It's preposterous to suggest that the company's true valuation, the offices, equipment, intellectual property and other assets declined over 20% in value from the day before, and within a few days soared 30% higher in value. The only logical explanation is companies and stocks are only loosely correlated.
Tesla's declining share price is a result of increased, not decreased correlation between the stock price and the company's performance.
Tesla reported a net loss of $49.8 million. Operationally, Tesla hasn't posted a profit yet. Revenue climbed 10% from the same period last year, albeit only 1% above last quarter.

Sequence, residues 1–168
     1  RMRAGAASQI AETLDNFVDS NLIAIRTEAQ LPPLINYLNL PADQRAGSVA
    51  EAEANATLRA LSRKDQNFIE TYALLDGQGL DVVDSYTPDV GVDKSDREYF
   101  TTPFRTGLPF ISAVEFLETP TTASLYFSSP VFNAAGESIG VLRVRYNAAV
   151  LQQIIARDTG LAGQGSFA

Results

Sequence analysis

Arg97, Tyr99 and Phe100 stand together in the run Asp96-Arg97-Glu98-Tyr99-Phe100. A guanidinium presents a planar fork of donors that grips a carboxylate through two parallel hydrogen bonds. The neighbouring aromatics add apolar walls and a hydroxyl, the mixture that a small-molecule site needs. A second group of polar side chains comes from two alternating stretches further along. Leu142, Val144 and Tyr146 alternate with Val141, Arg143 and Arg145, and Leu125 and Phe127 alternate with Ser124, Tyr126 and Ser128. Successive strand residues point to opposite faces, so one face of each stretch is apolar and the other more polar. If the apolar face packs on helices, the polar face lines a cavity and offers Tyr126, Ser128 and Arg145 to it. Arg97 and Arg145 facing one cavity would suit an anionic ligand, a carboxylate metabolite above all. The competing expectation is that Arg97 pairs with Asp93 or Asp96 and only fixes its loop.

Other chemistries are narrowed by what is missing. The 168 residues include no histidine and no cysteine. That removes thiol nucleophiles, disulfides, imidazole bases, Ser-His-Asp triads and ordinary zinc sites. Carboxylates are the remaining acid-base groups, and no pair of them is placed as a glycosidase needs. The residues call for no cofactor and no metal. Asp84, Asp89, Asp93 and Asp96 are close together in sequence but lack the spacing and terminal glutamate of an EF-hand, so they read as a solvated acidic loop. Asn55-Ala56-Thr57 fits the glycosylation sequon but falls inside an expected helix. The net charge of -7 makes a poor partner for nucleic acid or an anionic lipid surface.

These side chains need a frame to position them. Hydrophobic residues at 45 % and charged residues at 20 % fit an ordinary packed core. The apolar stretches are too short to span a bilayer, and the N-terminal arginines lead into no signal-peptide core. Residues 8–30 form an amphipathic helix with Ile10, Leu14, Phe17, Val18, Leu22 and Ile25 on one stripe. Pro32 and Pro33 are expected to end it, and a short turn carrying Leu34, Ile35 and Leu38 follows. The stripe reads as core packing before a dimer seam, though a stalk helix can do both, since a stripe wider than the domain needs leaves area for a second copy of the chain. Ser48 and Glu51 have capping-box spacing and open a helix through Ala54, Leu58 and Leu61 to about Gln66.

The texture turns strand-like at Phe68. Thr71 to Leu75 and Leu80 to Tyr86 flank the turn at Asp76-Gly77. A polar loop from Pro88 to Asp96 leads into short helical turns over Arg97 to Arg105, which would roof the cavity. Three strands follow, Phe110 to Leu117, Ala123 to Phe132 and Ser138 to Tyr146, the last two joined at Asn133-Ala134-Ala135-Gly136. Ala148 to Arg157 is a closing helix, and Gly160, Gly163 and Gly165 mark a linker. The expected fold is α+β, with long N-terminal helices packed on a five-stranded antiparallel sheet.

GM's forward earnings multiple is 7.4, Toyota's 8.7, and Ford's at 8.1. What's Tesla's? A "soft" 53, meaning if you use accounting gymnastics and ignore GAAP and a bunch of real -- but we're going to pretend they don't exist -- expenses, a profit can be claimed.
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